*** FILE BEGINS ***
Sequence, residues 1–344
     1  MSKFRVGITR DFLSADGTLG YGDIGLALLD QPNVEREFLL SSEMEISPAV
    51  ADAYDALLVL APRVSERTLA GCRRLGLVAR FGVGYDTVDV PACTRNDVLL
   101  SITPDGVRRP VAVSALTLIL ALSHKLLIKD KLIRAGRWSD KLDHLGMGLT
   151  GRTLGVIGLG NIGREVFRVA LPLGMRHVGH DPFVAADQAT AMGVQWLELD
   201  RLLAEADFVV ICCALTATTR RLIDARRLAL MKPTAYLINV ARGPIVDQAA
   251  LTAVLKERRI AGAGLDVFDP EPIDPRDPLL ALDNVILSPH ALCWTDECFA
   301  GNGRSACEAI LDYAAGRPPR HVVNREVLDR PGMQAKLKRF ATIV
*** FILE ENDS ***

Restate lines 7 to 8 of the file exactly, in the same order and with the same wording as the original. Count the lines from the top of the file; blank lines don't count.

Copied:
   251  LTAVLKERRI AGAGLDVFDP EPIDPRDPLL ALDNVILSPH ALCWTDECFA
   301  GNGRSACEAI LDYAAGRPPR HVVNREVLDR PGMQAKLKRF ATIV